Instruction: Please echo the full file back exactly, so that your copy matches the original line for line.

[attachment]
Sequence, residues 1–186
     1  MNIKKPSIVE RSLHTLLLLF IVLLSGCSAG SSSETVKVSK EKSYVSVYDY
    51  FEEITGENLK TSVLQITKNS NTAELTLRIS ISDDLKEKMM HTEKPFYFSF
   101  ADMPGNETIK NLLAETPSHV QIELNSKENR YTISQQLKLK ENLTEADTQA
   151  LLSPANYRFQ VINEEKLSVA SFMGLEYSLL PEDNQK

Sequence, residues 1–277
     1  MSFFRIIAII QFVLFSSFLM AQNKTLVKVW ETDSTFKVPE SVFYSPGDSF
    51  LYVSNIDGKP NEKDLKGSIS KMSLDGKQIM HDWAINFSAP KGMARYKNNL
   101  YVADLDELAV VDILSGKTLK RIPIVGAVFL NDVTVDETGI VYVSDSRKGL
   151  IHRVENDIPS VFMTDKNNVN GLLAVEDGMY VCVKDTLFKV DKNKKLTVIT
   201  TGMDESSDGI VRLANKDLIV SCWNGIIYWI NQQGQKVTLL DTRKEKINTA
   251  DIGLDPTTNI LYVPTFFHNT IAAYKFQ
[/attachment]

Sequence, residues 1–186
     1  MNIKKPSIVE RSLHTLLLLF IVLLSGCSAG SSSETVKVSK EKSYVSVYDY
    51  FEEITGENLK TSVLQITKNS NTAELTLRIS ISDDLKEKMM HTEKPFYFSF
   101  ADMPGNETIK NLLAETPSHV QIELNSKENR YTISQQLKLK ENLTEADTQA
   151  LLSPANYRFQ VINEEKLSVA SFMGLEYSLL PEDNQK

Sequence, residues 1–277
     1  MSFFRIIAII QFVLFSSFLM AQNKTLVKVW ETDSTFKVPE SVFYSPGDSF
    51  LYVSNIDGKP NEKDLKGSIS KMSLDGKQIM HDWAINFSAP KGMARYKNNL
   101  YVADLDELAV VDILSGKTLK RIPIVGAVFL NDVTVDETGI VYVSDSRKGL
   151  IHRVENDIPS VFMTDKNNVN GLLAVEDGMY VCVKDTLFKV DKNKKLTVIT
   201  TGMDESSDGI VRLANKDLIV SCWNGIIYWI NQQGQKVTLL DTRKEKINTA
   251  DIGLDPTTNI LYVPTFFHNT IAAYKFQ